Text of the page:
I have cultivated a relationship with a family of crows where I live in Jacksonville, FL. I have observed them burying the raw peanuts I put out for them. The peanuts grow in our garden and yards in the neighborhood. I am wondering if that is their intent? When I feed them roasted peanuts, they eat them. Has anyone else noticed them “planting” crops before? Is it possible crows are capable of an agrarian society given the means?

    • Hi Valerie, what you’re seeing is called caching. That’s when animals bury food for later use. This is a common behavior across corvids. Crows are an example of an opportunistic casher, which means they bury excess food but don’t rely on that food for later and most of it never gets recovered. Pinyon jays, Clark’s nutcrackers, and Canada jays are all examples of obligate cachers which means they rely on their food stores come winter and recover almost all of them. The fact that you see them cache raw nuts but not the roasted ones is either a coincidence or a product of confirmation bias. I’m sure if all the cheetos they planted in our gutters grew into trees though they would figure out how to farm 😉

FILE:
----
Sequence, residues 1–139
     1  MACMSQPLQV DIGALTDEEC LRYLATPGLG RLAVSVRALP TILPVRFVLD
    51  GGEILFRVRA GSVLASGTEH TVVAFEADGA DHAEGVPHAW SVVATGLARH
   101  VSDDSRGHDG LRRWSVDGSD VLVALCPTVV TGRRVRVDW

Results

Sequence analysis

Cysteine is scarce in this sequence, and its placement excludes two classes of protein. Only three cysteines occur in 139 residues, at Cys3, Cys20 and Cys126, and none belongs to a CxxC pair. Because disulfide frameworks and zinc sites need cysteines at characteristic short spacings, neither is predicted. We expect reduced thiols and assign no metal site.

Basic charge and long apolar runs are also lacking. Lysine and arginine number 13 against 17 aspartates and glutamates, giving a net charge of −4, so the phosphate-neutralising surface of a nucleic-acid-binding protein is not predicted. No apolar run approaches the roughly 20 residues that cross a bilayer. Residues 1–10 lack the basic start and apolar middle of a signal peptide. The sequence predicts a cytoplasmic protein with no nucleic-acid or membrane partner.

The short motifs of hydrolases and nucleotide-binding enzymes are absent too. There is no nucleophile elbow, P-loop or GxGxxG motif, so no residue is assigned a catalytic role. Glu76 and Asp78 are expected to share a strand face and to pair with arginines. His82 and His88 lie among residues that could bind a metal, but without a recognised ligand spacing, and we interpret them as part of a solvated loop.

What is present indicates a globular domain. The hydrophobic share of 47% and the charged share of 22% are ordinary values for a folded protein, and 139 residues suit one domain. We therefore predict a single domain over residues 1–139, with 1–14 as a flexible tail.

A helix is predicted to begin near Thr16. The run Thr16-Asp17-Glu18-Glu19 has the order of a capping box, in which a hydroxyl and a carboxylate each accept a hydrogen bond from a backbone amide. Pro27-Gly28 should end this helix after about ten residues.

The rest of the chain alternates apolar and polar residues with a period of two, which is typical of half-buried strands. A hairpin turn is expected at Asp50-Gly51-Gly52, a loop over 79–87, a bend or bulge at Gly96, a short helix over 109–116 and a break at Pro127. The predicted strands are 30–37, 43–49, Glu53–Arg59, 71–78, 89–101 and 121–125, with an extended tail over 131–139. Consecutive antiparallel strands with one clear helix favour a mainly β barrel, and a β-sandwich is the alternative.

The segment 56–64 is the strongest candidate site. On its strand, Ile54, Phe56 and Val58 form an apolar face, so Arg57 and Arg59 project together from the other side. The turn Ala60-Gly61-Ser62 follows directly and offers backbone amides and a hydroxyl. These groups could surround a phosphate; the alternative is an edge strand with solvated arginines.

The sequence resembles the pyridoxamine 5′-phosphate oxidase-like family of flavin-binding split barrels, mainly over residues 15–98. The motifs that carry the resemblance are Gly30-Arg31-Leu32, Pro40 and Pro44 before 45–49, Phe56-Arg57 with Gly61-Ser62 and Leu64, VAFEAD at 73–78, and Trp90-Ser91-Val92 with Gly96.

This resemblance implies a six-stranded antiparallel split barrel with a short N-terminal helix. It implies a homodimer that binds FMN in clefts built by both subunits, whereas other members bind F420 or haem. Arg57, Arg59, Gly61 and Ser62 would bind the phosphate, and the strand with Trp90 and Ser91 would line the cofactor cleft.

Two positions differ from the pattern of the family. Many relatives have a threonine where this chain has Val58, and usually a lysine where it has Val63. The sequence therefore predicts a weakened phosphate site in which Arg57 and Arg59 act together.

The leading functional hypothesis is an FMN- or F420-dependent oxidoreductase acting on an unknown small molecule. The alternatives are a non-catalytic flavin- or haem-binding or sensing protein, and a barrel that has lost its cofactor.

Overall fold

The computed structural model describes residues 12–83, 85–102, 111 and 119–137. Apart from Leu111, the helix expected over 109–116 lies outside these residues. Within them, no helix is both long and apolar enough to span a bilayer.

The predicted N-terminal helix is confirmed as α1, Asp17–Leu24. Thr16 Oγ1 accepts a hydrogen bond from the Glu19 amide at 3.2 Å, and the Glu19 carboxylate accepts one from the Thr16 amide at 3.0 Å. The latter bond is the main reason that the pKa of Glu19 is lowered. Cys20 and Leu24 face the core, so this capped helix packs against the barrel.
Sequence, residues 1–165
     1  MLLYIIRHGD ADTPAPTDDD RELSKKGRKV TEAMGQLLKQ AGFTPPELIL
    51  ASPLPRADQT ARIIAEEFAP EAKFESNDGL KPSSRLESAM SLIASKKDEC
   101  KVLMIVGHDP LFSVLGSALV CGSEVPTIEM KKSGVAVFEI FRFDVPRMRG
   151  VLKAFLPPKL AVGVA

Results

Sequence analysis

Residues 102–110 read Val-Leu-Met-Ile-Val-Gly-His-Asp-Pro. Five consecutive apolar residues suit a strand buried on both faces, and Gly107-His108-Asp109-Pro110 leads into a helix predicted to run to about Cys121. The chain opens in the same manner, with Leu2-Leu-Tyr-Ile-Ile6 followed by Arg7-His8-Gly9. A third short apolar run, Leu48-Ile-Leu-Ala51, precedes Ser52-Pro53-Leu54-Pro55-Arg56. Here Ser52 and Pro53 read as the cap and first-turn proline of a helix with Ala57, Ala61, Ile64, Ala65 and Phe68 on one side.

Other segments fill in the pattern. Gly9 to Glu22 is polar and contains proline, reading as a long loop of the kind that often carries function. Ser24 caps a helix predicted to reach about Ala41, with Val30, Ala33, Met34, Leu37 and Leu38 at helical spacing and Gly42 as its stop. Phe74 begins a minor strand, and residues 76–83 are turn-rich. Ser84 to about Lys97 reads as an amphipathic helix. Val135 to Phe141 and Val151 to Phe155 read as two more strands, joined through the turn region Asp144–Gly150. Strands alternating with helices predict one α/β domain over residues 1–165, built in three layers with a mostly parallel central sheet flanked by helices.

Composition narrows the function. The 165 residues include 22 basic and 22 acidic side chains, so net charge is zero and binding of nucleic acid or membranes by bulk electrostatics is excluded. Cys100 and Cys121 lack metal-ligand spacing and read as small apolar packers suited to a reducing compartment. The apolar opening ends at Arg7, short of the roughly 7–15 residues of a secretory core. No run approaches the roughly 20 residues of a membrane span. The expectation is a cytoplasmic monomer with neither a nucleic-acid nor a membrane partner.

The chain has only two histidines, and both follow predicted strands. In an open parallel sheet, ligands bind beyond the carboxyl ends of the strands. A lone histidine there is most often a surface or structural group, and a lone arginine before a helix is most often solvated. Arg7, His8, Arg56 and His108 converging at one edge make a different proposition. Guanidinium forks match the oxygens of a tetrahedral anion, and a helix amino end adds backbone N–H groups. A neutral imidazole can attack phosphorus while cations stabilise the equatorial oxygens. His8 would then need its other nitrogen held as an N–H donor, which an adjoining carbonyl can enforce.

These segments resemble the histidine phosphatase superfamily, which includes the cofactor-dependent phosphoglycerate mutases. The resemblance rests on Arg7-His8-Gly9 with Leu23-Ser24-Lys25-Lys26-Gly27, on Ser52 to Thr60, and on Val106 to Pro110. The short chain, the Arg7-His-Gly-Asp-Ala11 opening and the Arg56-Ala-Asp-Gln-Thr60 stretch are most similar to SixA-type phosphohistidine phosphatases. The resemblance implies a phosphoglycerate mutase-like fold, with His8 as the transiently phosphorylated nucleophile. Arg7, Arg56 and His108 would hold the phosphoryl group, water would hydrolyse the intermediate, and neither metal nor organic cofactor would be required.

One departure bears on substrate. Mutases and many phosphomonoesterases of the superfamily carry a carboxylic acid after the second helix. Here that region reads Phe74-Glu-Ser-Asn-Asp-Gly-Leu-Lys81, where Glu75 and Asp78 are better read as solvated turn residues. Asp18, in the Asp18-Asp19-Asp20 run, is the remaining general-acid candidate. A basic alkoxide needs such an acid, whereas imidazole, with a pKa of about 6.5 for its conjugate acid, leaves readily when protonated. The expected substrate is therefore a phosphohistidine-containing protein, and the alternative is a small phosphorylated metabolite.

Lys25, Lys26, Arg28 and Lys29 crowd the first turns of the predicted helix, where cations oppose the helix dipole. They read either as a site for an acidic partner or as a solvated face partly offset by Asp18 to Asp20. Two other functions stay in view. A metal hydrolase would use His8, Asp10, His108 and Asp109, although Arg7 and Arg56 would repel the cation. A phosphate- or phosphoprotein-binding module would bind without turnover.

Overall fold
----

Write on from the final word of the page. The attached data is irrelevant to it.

7. George Burnstein

    In the past 2-3 weeks I have experienced a major increase in the number of crows that come for a little snack time. There is a consistent group of about 20…now Im getting about 60+… there seem to be three groups that chase each other around… a lot of fighting when they fly over to me… is it the change in seasons or is this normal. Sitka, Ak. UAS campus..
    Also.. normally there are a few established raven pairs that will come down and take some peanuts along side of the small original crow group… now they have moved about 50 yds away and will not come anywhere near the crow riot. George B

    • Hi George! I just gave a talk in Sitka few months ago, I hope you were able to attend! Sounds like a seasonal thing. Crows group up more in the winter. And it doesn’t surprise me the ravens are staying the heck away. Crows attack ravens and 60 against 2 are not great odds!